THURSDAY, Feb. 18, 2010 (HealthDay News) -- Too many American seniors who need a new kidney have to wait longer than necessary for a transplant, researchers say.
In a new study, Johns Hopkins researchers analyzed kidney donation data from 2003-2008 and found that one-third of patients over age 65 experience unnecessary delays because their doctors don't put them on a list for kidneys from older donors (extended-criteria donors, or ECDs) that are unsuitable for younger patients but perfectly fine for older patients.
The findings were published online in the American Journal of Transplantation.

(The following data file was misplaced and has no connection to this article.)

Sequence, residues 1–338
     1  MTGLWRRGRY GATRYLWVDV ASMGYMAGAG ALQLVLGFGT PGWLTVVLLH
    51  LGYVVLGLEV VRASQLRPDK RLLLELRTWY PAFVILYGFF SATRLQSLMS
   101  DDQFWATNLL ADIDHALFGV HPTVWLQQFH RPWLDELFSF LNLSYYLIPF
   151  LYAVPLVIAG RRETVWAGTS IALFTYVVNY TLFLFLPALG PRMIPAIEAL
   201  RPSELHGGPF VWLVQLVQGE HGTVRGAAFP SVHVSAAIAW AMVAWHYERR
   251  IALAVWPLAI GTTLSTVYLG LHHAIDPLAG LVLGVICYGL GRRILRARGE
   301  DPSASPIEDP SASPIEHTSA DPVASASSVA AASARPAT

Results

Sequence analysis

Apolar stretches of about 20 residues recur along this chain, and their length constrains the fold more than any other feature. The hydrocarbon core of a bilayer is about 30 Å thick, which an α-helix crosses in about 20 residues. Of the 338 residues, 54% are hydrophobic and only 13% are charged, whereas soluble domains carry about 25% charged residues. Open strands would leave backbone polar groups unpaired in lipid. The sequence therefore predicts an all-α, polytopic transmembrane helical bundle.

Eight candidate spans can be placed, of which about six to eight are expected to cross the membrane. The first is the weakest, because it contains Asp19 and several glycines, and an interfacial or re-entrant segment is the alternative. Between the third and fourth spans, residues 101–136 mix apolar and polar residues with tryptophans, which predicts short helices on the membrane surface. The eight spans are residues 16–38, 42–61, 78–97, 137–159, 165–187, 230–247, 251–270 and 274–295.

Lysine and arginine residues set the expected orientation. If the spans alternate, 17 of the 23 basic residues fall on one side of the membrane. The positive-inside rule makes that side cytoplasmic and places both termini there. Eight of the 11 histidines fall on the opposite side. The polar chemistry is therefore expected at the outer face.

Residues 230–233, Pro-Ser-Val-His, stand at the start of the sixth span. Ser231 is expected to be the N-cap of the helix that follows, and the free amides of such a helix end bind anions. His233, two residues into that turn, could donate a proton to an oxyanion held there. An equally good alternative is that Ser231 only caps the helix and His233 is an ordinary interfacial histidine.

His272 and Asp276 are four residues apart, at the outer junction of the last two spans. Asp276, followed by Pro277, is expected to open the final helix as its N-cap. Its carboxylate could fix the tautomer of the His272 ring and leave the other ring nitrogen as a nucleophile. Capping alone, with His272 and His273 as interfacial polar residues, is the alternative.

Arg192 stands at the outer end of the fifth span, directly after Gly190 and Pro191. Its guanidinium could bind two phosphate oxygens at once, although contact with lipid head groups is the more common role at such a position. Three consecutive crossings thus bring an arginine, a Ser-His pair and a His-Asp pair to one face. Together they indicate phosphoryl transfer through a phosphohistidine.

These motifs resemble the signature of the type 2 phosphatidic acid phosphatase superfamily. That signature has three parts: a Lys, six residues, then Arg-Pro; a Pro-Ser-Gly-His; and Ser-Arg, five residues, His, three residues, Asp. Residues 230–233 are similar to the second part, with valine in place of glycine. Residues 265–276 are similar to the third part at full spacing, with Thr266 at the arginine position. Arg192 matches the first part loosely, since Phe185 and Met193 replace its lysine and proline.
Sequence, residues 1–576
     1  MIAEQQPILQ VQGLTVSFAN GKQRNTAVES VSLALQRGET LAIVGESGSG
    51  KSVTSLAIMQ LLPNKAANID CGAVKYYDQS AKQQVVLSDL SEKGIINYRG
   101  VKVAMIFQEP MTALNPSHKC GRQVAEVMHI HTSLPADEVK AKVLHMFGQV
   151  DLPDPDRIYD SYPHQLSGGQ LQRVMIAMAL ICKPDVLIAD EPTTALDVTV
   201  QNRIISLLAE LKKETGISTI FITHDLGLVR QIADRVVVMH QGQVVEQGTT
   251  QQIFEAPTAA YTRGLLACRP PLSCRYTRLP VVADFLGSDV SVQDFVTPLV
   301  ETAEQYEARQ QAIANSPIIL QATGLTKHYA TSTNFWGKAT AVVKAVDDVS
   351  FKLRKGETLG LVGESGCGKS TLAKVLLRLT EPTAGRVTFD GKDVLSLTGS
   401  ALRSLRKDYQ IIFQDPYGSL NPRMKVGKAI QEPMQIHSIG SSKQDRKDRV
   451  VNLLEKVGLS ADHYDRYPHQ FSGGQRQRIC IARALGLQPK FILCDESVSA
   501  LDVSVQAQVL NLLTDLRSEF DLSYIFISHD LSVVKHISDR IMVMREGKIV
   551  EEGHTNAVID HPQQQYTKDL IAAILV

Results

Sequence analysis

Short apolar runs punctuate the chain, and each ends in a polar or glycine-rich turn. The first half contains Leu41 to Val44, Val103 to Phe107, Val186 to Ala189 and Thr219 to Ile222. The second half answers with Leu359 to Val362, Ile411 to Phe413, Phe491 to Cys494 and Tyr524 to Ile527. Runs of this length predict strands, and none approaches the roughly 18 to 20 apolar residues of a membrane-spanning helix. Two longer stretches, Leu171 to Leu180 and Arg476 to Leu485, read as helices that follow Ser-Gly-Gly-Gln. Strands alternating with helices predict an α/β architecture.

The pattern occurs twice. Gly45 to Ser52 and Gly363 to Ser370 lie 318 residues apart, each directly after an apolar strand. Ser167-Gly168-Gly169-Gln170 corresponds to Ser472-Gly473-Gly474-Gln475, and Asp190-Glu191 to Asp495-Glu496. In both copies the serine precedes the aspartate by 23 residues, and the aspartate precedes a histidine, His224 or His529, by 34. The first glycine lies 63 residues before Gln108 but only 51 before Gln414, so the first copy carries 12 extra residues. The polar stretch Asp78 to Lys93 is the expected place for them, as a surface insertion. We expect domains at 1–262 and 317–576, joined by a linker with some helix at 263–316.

"Every adult over 65 should be listed by their physicians for ECDs because the sooner they can get a kidney, the better the chance for survival," study leader Dr. Dorry L. Segev, a transplant surgeon and associate professor of surgery at Johns Hopkins University School of Medicine, said in a news release.
"A 65-year-old does not need a 20-year-old kidney; they just need a kidney that will last as long as they will. While young people might have time to wait for the perfect kidney, older people don't," Segev noted.
Research shows that kidneys from older donors are widely and successfully transplanted.
Older adults account for half of the dialysis patients in the United States, and a growing proportion of the national kidney transplant waiting list. Dialysis patients over 65 have a five-year survival rate of 27 percent. About 10 percent of patients on waiting lists die before they receive a transplant, the study authors noted.
The National Kidney Foundation has more about kidney transplant.